British VCs of World War 2: A Study in Heroism (John Laffin)

British VCs of World War 2: A Study in Heroism (John Laffin) lands on the shelves of my shop, where it will be found in my Military History section. priced at £6.50! Call in and get 40% OFF that price when you mention this post…

Stroud: Budding Books, 2000, Hardback in dust wrapper.

Contains: Black & white photographs; List of abbreviations; Appendices [2];

From the cover: No other military decoration in the world has the prestige of the Victoria Cross and none is harder to win. It is a remarkable paradox that the bronze VC is the plainest of all British decorations and intrinsically the cheapest at one time the bronze in a VC was worth threepence yet among servicemen it is the most highly prized.

During the Second World War 106 members of the British armed forces were awarded VCs. In order of service: Royal Navy, Royal Marines, Royal Naval Reserve and Royal Naval Volunteer Reserve 23; the Army 61; the Royal Air Force 22. The names of many and the actions in which they won their award became the talk of the nation: Captain Bernard Warburton-Lee RN at the Battle of Narvik, Wing Commander Guy Gibson the Dambuster, and Warrant Officer Peter Wright of the Coldstream Guards, whose DCM was converted to a VC on the suggestion of King George VI. It is significant that almost half of these 106 awards were made posthumously. Put another way, during the Second World War the chances of performing an act of courage considered worthy of a VC and of living to receive it were 50:50.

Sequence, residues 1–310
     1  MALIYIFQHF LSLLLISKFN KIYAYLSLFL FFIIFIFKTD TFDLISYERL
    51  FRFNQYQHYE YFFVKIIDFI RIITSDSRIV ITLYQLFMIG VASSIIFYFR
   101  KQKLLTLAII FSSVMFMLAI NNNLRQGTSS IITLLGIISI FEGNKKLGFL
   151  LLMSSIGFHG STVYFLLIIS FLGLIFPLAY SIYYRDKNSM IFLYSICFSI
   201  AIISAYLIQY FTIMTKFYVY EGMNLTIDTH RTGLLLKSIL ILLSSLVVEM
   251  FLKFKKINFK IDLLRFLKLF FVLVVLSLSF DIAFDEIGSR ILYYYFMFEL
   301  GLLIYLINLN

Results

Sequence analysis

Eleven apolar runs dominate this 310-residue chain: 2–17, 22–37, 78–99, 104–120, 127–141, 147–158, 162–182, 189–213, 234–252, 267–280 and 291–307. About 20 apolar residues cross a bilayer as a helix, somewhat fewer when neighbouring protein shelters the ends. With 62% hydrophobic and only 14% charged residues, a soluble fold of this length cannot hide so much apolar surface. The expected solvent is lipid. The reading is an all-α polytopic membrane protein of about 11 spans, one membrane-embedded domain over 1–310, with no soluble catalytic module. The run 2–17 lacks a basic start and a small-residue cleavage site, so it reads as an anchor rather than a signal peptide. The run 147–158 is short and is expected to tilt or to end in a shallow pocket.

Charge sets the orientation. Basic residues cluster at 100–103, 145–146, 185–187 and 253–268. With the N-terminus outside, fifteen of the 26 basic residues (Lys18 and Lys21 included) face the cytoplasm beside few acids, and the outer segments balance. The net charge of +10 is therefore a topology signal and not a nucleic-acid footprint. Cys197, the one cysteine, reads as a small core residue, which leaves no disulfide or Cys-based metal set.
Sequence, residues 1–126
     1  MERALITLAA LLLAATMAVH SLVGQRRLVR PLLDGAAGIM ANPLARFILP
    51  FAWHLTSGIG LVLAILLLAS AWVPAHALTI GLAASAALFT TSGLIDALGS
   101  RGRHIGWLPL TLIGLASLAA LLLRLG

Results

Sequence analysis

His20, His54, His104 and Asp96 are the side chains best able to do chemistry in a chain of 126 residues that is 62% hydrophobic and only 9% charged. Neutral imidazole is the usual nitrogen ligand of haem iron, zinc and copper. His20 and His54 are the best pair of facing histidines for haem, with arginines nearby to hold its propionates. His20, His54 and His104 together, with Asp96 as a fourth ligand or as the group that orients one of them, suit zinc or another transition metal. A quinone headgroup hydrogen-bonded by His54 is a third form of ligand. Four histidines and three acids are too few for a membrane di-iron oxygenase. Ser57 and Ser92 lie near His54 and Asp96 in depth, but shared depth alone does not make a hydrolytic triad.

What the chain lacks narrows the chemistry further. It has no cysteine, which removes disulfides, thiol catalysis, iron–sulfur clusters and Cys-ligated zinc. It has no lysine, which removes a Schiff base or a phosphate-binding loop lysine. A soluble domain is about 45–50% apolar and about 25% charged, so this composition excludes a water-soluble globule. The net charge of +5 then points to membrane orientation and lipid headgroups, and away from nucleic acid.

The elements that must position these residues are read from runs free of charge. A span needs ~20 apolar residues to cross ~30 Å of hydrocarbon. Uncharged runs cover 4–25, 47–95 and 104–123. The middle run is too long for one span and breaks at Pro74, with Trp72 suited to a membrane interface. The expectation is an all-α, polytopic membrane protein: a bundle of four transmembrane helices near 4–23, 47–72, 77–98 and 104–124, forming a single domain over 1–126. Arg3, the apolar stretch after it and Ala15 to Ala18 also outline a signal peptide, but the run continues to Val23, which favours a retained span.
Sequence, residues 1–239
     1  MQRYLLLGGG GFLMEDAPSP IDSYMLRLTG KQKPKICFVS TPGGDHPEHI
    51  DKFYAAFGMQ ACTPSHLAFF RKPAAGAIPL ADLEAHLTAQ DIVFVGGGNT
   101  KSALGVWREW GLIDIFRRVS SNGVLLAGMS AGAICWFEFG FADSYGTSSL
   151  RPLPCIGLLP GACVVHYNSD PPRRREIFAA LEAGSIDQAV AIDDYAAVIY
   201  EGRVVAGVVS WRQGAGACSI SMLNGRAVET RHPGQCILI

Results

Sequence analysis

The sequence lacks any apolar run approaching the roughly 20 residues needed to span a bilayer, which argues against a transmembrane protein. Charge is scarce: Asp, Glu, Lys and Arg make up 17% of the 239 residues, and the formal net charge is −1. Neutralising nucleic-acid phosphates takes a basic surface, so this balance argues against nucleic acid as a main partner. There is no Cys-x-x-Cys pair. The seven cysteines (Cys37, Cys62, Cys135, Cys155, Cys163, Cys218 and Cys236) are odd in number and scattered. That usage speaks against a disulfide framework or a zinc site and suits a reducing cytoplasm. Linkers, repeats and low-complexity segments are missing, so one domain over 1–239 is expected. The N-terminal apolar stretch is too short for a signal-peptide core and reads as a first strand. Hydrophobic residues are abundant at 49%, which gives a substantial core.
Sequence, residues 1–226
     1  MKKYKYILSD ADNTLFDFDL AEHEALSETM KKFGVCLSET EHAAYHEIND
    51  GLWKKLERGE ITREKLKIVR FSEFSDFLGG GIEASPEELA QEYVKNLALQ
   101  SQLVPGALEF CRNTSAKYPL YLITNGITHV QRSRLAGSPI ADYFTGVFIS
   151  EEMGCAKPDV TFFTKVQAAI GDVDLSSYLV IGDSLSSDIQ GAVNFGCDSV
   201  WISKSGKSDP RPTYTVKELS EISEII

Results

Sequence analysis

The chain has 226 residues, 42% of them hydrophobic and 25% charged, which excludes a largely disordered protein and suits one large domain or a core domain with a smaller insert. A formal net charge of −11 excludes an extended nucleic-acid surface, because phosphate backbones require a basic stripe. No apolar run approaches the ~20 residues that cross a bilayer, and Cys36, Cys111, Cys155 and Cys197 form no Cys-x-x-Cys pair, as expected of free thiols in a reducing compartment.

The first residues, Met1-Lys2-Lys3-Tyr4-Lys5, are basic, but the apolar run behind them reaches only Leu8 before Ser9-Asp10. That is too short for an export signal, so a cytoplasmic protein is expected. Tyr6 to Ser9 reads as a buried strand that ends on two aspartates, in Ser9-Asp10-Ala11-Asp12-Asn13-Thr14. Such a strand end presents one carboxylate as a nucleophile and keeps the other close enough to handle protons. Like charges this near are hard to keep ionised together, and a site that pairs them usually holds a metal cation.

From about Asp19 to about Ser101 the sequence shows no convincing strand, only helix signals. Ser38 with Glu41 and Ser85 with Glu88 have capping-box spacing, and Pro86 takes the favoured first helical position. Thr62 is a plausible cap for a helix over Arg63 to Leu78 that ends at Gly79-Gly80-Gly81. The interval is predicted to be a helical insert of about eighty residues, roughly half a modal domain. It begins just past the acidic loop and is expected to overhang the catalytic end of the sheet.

In British VCs of World War 2 John Laffin looks at each gallant deed that led to the award of a VC in the context of the war and the land, sea or air campaign in which it was won. In what way did any particular exploit affect the outcome of a larger action? Was it more difficult to win a VC in a jungle campaign than in a desert? What made the award of a VC for a submarine or aerial action different from those earned on the ground or at sea for assuredly they were different. The author answers all of these questions and many others besides.

British VCs of World War 2 is fully illustrated and includes complete transcripts from the original citations which led to the award of the worlds most revered gallantry decoration.

Very Good in Very Good Dust Wrapper. Remainder mark to the top of the text block otherwise a very well presented copy.

Matching Pictorial boards. [XXII] 258 pages. Index. Bibliography. 9½” x 6¼”.

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